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Join Daniel and Mirra from The Perennial Plate as they show you a Japanese twist on an American Classic - Udon Miso n' Cheese.

Udon Miso n' Cheese


  • 2 cups flour (plus 2 Tablespoons if needed)

  • 2/3 cup warm water

  • 1 1/2 teaspoon sea salt

  • Sauce: 1 tablespoon butter, 1 tablespoon red miso, 1 tablespoon grated parmesan cheese, 1 teaspoon shaved bottarga (optional)


  1. Sift the flour into a bowl. In a separate container, combine the salt and water. Pour the water around the edge of the bowl of flour. Sift your hands through it, trying create small sand like balls of dough.

  2. After 30 seconds start to knead and combine into one chunk. Knead with your hands for five minutes.

  3. Then, either continue to knead for another 5 minutes, or have fun and do it with your feet. Seriously. The traditional way to make Udon dough is to use your feet.

  4. My dough is a little softer than the traditional version, so the foot action isnt necessary, but it is fun. So put plastic over your mixing bowl and step on it in a circle for 30 seconds.

  5. Roll it up into a ball again and press it with your feet again.

  6. Then roll it into a ball and let it rest, wrapped in plastic wrap for 30 minute.

  7. With a large rolling pin, roll the dough out onto a big table. The dough will be very tough so you have to keep on rolling it out over and over again until it's an 8th of an inch. This might take you 10 minutes, but trust me, it's worth it for the texture.

  8. Once the dough is nice an thin, cover it with lots of flour.

  9. Fold the dough over on itself every 2 inches (like a chinese paper fan). This helps to allow you to cut long noodles.

  10. Take a very sharp knife and cut through the layers in 1/4 centimeters slices.

  11. Then unfold the noodles and drape them over something to undo the creases.

  12. Cook the noodles in boiling water for 8 minutes.

  13. Once they have cooked for 7 minutes, remove almost all of the water. The leftover water should be thick and almost caramel like in its consistency.

  14. Add in the butter and miso and bring to a boil again. Shave in the parmesan cheese and bottarga (optional). The butter and cheese will turn the cooking liquid even creamier.

  15. Serve it hot with pickles or small salad tossed with rice wine vinegar.

Udon Miso n' Cheese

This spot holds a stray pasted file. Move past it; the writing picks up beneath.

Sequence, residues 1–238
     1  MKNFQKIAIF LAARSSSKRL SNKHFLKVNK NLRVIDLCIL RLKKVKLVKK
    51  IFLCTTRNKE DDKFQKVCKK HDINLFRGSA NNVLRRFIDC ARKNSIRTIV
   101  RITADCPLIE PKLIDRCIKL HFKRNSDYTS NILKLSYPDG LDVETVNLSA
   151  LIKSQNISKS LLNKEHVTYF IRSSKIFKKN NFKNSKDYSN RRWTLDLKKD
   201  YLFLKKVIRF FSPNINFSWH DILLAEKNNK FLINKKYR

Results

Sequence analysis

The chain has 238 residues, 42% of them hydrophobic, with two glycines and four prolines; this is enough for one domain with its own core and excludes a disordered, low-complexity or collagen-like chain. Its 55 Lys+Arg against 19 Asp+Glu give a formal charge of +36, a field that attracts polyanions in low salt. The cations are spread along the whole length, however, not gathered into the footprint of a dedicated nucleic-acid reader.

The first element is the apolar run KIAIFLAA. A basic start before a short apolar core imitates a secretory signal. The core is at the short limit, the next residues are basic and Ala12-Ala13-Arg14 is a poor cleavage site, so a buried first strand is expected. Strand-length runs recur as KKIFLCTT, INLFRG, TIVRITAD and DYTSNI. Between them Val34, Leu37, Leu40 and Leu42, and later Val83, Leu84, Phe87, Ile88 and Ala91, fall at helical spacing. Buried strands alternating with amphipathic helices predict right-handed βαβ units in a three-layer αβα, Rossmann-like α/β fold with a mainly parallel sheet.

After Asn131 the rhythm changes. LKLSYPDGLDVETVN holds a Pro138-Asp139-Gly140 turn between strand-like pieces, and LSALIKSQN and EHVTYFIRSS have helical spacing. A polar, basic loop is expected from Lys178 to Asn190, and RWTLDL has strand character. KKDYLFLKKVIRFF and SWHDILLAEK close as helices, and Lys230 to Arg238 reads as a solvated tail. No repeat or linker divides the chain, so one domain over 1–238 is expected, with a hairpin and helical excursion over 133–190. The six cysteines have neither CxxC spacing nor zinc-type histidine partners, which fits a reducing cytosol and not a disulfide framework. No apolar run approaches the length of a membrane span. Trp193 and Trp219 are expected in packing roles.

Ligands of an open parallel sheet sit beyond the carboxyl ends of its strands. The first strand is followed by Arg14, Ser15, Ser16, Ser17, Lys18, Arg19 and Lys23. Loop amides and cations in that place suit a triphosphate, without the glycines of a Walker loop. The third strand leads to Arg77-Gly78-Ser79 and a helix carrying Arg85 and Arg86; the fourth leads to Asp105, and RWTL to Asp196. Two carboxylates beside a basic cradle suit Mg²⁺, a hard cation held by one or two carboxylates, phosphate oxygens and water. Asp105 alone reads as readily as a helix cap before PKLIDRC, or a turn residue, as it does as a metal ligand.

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- [Daniel] This is Mira. She's the camera girl. - [Mira] This is Daniel. He's the chef. - [Daniel] We travel the world making videos about sustainable food. When we get home, we cook some of our favorite dishes inspired by these adventures. This is the Perennial Plate in the Kitchen. Welcome to the Daniel Klein cooking show. No. - [Mira] No. - I know, I know. I'm joking. - That's a good start. - We just got back from Japan. Everything that people make in Japan is, like, totally dedicated to one craft. It's unbelievable. One of the stops that we made was a guy who's been making udon for the last 45 years. I've made this now a dozen times. I haven't made it a dozen times? - [Mira] You've made it twelve times? - Okay. - [Mira] You've made it twice. - [Dave] Remember I was feeding you udon noodles like every night? - I just don't think you should say dozen times. That's-- - [Dave] I think at least-- - [Mira] grossly over exaggerated. - I think dozen is totally fair. I've made it... a number of times and still not very good at it and actually have developed my own udon noodle recipe, 'cause I can't quite hack the other udon noodle recipe. The recipe's about as simple as it goes. Two cups of flour, like a teaspoon of salt. Then, you want warm water. We're going for 2/3 of a cup. You put it around the edges. Try to make it sort of like, sand, you know? I can't believe you said I've only done this two times. - Sorry. I can't believe you said you did it a dozen times. - I'm actually gonna add a little bit more flour to this. So now, at this point, form it into a ball, get some plastic, I think, cover this with the plastic, and then actually-- - Hold on Don't just, like... - Our time is short. - [Mira] I know, but it's hard 'cause the lights are going to get in there soon, too. - And stomp on it. Pick that off. Form it into a ball again. The texture is supposed to be like your earlobe. More time, give it a little. - Okay, you need to change your socks. That's disgusting. - After all that working that's been done to it, you have to let it sit. So we're gonna let this sit for half an hour. - Oh my god, ugh! - We are going to get our water boiling. We're gonna make udon noodles. Oh yeah, the dish that we're making, I like to call udon... - Japanese mac and cheese. - I know. Miso and cheese. Udon, miso, and cheese. The idea is to have soft outside, chewy inside. It really should spring back. And now, you wanna use quite a lot of flour. You're gonna fold this over on itself. Yes. Most people tell you to make udon noodles with lots of water. I'm doing the opposite. It's sort of like making a risotto. Here we're gonna make our sauce using the starch from the noodles. Ready? - Yeah. Go ahead. - We're gonna cook these for seven or eight minutes. If there's still a lot of water, we're gonna pour that off. Add butter, add miso, add Parmesan cheese, and let it form into creamy deliciousness. - Hold it there. Cool, it looks so good. - Go ahead. - You don't want to grate some Parmesan cheese on top? - I don't think it needs it. I may grate it a little lemon zest on there, though. This is great with a little salad. Or something acidic. I'm gonna try this, and then you can eat it, okay?

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